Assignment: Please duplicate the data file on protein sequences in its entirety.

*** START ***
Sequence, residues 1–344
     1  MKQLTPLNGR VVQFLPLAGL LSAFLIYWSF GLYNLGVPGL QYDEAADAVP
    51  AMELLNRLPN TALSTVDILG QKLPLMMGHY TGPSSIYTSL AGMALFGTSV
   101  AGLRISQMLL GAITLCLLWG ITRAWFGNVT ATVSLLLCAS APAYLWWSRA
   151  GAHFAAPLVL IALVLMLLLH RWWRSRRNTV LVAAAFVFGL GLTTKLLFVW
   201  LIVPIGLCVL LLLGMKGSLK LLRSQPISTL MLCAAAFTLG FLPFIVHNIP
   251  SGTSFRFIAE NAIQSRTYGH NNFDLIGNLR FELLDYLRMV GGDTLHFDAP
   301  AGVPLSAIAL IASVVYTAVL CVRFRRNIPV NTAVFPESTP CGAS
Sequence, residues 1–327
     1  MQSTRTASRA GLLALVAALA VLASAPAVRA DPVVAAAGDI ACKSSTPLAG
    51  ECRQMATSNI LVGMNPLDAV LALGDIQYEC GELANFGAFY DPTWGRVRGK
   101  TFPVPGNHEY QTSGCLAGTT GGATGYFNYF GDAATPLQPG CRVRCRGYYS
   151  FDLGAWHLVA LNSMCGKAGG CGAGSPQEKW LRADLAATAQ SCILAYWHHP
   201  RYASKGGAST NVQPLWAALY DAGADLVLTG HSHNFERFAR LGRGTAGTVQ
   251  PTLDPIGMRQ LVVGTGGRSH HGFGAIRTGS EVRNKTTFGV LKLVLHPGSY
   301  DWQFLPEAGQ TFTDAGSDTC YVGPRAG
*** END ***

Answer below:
Sequence, residues 1–344
     1  MKQLTPLNGR VVQFLPLAGL LSAFLIYWSF GLYNLGVPGL QYDEAADAVP
    51  AMELLNRLPN TALSTVDILG QKLPLMMGHY TGPSSIYTSL AGMALFGTSV
   101  AGLRISQMLL GAITLCLLWG ITRAWFGNVT ATVSLLLCAS APAYLWWSRA
   151  GAHFAAPLVL IALVLMLLLH RWWRSRRNTV LVAAAFVFGL GLTTKLLFVW
   201  LIVPIGLCVL LLLGMKGSLK LLRSQPISTL MLCAAAFTLG FLPFIVHNIP
   251  SGTSFRFIAE NAIQSRTYGH NNFDLIGNLR FELLDYLRMV GGDTLHFDAP
   301  AGVPLSAIAL IASVVYTAVL CVRFRRNIPV NTAVFPESTP CGAS
Sequence, residues 1–327
     1  MQSTRTASRA GLLALVAALA VLASAPAVRA DPVVAAAGDI ACKSSTPLAG
    51  ECRQMATSNI LVGMNPLDAV LALGDIQYEC GELANFGAFY DPTWGRVRGK
   101  TFPVPGNHEY QTSGCLAGTT GGATGYFNYF GDAATPLQPG CRVRCRGYYS
   151  FDLGAWHLVA LNSMCGKAGG CGAGSPQEKW LRADLAATAQ SCILAYWHHP
   201  RYASKGGAST NVQPLWAALY DAGADLVLTG HSHNFERFAR LGRGTAGTVQ
   251  PTLDPIGMRQ LVVGTGGRSH HGFGAIRTGS EVRNKTTFGV LKLVLHPGSY
   301  DWQFLPEAGQ TFTDAGSDTC YVGPRAG